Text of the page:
Think of a smartphone style flat list with items that can belong to one of three priorities: High, medium and low. Each priority is separated with an inline header.

Now suppose we have a small viewport, where you can only see a portion of the list at a time. If you scroll to a position, where the priority headers are not visible, you might lose track of which priority "section" you're in.

Thus we have a scenario like this:

Scenario with small viewport and long scrollable list

My question is:

If repeating priority on each item is too much redundancy and sticky headers (like in the iPhone contacts list) are unfeasible, what would be a good alternative way to communicate priority regardless of scroll position?

  • What about indenting each section more the more you go down?
    – henryaaron
    Jan 27, 2012 at 8:12

5 Answers 5


Using colors can be sufficient enough.

Consider red, yellow, and gray respectively, or perhaps some other variations. Red is known to be an attention grabbing color (think warnings, alerts), whereas yellow is known to be yet another slightly-less attention grabbing color when it comes to web and mobile (think notifications).

  • Can you explain why?
    – Rahul
    Jan 25, 2012 at 15:01
  • Just modified my answer - sorry about that. While there's nothing ground-breaking about this approach, it's easy to adopt for just about any user.
    – Vin Burgh
    Jan 25, 2012 at 15:03
  • Heh. You beat me to the answer. Color-coding is a great solution.
    – dnbrv
    Jan 25, 2012 at 15:09
  • 5
    Be careful with reds and yellows, make sure they're at least visually distinct enough for colorblind users.
    – Ben Brocka
    Jan 25, 2012 at 15:10
  • @VinnyBurgh Removed my downvote :)
    – Rahul
    Jan 25, 2012 at 15:11

You can use bullets for the Items made of little squares with H, M or L in them, colored or not depending on your design. The user should make the connection between the small square bullet with H inside and the 'High priority' header and associate them.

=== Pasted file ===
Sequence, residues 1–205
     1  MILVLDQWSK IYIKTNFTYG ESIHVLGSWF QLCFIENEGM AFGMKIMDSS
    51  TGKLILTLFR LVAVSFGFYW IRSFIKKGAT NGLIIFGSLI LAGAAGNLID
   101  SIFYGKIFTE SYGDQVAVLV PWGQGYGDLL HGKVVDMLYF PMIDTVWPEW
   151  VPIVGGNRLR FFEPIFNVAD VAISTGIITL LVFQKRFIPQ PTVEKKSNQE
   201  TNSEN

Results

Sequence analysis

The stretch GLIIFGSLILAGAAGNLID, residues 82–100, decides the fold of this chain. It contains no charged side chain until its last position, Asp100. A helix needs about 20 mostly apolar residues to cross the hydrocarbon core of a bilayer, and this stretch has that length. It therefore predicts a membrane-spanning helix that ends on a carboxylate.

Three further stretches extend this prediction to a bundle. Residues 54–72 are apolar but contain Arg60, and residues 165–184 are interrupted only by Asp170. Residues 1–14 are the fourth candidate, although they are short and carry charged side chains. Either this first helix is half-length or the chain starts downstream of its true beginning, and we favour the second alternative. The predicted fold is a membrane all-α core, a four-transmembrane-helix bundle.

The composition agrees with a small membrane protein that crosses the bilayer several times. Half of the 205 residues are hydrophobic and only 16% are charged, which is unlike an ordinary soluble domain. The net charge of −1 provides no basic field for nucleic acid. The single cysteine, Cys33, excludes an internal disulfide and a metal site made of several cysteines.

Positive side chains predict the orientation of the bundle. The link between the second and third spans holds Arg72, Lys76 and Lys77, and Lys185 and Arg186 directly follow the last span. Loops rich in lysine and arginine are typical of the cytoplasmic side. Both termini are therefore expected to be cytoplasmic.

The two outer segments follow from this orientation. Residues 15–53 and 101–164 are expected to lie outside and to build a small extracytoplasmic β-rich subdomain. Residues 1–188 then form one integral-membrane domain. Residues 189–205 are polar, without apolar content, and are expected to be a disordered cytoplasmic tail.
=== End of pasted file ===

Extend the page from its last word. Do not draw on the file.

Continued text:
Of course, coloring them would make it even more easier. You can try to use less saturated colors with low value if you don't want to use bold ones.

As an example, kind of.., change the colors of a label in Gmail. You'll see some little colored squares with 'a' in the center.


What about some including some indicator on the left hand side of the content. Using colour as a starter but not relying on it. I would be wary of using a very bold colour. Also you could use a line markers which I have seen used a bit (example 2Do on the iphone). So ≣ for most important ₋ the least important.

  • I was considering something along the lines of what you suggest. Perhaps sparsely repeated text labels (High, Medium and Low) - rotated 90 degrees counterclockwise - could work?
    – agib
    Jan 26, 2012 at 13:44

You can use colors (see comment above) or symbols. In addition you can insert a exclusive or non-exclusive priority filter "High", "Medium", "Low" if the number of items is to big.


Any type of indication of clear grouping would work. Colors, as already mentioned, font styles, background patterns, borders etc. Make sure that the use of colors works if people are color blind.

Your Answer

By clicking “Post Your Answer”, you agree to our terms of service and acknowledge you have read our privacy policy.

Not the answer you're looking for? Browse other questions tagged or ask your own question.